The radically different 2009 F1 cars, currently under testing, are the sign of things to come in a season that will see a host of regulations introduced by FIA
MUMBAI: Just a fortnight since the 2008 Formula One season ended, the preparations for the next season have begun in all seriousness. However, what is different this time is that the cars, which are currently being tested at the Circuit de Catalunya in Barcelona, have undergone a radical design change.
So much so that some of them are almost unrecognisable. This is the result of the number of new regulations that the sport’s governing body, FIA, has introduced for 2009. The changes are so dramatic that many are terming it as a new revolution in Formula One.
Former F1 designer Peter Stevens certainly thinks so. Stevens, who was associated with Williams F1 team, thinks the new changes will dramatically alter the performances of cars. According to Stevens, the new regulations have been introduced to cut down the mindboggling expenditure and provide more overtaking opportunities.
“The most striking features of the new cars are the front and rear wings and the tyres,” he said. The new cars will have slick tyres that are broader. Also, the front wing is slightly broader and has a bigger ground clearance.
“Both (the changes) compliment each other. Currently, as the front wing is extremely close to the ground (more downforce), the car in pursuit finds it difficult to get a smooth air flow. As a result, the grip gets lost and overtaking becomes an impossible task,” Stevens said.
With higher ground clearance, wider front wing and narrower rear wing, the downforce will get reduced. The lesser down force will enable the pursuing car get a tidier airflow that would make an overtaking maneuver a much simpler task.”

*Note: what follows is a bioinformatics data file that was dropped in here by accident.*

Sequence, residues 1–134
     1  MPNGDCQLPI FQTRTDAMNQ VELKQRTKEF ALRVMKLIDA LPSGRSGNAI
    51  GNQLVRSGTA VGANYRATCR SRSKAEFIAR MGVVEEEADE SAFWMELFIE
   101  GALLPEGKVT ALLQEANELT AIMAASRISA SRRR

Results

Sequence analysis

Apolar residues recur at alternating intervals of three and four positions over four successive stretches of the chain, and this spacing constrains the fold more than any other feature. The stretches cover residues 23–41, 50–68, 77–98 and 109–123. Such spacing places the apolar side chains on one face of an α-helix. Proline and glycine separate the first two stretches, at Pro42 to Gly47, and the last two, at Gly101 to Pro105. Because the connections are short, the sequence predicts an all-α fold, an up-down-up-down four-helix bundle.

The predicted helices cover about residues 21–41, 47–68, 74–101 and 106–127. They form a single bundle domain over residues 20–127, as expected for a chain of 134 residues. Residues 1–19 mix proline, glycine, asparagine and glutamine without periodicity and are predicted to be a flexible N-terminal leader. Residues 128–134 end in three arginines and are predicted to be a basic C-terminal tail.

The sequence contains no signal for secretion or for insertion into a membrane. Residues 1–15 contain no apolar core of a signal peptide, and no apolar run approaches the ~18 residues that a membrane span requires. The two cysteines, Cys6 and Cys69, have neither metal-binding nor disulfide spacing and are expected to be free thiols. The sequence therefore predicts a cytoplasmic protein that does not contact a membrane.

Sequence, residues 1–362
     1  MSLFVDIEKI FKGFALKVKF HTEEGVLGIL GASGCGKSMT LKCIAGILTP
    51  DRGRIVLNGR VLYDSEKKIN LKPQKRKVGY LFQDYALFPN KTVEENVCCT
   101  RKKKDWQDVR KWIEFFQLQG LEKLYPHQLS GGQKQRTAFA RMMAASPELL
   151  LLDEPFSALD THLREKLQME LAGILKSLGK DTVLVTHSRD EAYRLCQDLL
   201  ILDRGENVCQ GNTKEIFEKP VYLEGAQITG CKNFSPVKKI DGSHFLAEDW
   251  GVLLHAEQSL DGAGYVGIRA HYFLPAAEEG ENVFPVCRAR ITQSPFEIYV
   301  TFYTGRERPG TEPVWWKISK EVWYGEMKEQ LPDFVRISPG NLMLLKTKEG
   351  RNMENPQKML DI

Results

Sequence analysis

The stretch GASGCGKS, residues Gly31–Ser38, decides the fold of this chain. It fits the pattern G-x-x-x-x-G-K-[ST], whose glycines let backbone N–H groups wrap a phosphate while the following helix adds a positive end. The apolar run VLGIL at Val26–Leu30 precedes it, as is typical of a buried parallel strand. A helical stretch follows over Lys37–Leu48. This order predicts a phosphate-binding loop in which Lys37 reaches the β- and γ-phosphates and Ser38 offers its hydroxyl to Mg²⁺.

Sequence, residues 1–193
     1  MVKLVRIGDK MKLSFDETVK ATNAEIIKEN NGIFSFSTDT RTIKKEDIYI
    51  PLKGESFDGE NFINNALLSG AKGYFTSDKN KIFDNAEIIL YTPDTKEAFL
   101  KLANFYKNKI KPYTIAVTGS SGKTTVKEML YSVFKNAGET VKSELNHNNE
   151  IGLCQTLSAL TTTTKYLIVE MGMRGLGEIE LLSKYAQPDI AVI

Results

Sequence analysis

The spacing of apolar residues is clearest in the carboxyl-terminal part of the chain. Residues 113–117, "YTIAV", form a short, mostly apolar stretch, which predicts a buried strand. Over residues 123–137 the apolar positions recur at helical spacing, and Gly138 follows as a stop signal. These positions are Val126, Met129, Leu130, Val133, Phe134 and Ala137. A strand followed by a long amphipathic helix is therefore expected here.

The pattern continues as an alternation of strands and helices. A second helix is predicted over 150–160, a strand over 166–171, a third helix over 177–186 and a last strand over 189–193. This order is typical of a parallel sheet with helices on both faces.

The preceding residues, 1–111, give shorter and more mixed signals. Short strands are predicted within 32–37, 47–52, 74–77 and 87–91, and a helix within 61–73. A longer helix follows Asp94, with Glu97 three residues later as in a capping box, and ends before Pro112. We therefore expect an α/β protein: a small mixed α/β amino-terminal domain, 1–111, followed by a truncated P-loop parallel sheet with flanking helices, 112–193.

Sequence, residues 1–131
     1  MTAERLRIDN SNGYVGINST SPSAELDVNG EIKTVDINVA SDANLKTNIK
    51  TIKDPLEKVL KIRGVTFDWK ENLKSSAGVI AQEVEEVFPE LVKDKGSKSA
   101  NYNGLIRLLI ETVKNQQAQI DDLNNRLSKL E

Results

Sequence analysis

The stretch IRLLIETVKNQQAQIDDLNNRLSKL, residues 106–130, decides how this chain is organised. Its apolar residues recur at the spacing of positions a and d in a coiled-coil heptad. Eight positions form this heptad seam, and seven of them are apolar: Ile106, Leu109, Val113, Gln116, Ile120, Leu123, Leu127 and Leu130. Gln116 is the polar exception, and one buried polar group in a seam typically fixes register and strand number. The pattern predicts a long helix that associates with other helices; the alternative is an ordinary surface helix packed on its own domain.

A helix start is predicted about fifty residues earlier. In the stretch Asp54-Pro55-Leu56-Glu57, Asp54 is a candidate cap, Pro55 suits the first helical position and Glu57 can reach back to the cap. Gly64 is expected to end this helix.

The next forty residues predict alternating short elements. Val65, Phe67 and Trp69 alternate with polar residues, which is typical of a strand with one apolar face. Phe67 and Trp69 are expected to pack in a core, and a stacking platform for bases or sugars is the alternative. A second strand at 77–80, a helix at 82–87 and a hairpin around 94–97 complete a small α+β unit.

In order to balance the reduction of aerodynamic grip, slick tyres will be introduced so that the cars get a better mechanical grip. “The increase in mechanical grip will allow drivers to show their skill,” he remarked.
The new cars will be without the aerodynamic aids that has become the feature of F1 cars in recent years. This is primarily a part of FIA’s cost reduction initiative. According to Stevens, these parts account for huge electricity and monetary expenditure.
“Teams operate three 8-hour wind tunnel shifts to test these parts. A small village consumes as much electricity as a wind tunnel does. Also, the fact that these parts have to be constantly manufactured ads to escalating costs,” he remarked. The other element that has forced all the designers to the drawing board is KERS or Kinetic Energy Recovery System. KERS will allow the cars to recover some of the energy that is lost during braking.
However, Stevens feels it is not easy as it looks. “Though KERS will help reduce lap times by 210th of a second, there are many other factors that the teams will have to consider. The KERS set-up will weigh around 40 kg.”
Also, with KERS on board, the teams will prefer drivers who weigh less. Perhaps, for the first time, the weight of the drivers will become a crucial factor in the deciding team strategy,” Stevens said.
Stevens said that though KERS was an exciting concept, it is likely to cost a bomb. “A Team Principal recently told me KERS is an engineer’s dream but an accountant’s nightmare,” he said.
Stevens though feels F1 purists won’t be too excited by these changes. “Formula One is not about overtaking alone. Engineering excellence driven by constant R&D is as much a part of it as is racing. In the bigger scheme of things, I don’t think these changes are good for the sport,” he said.
7 months ago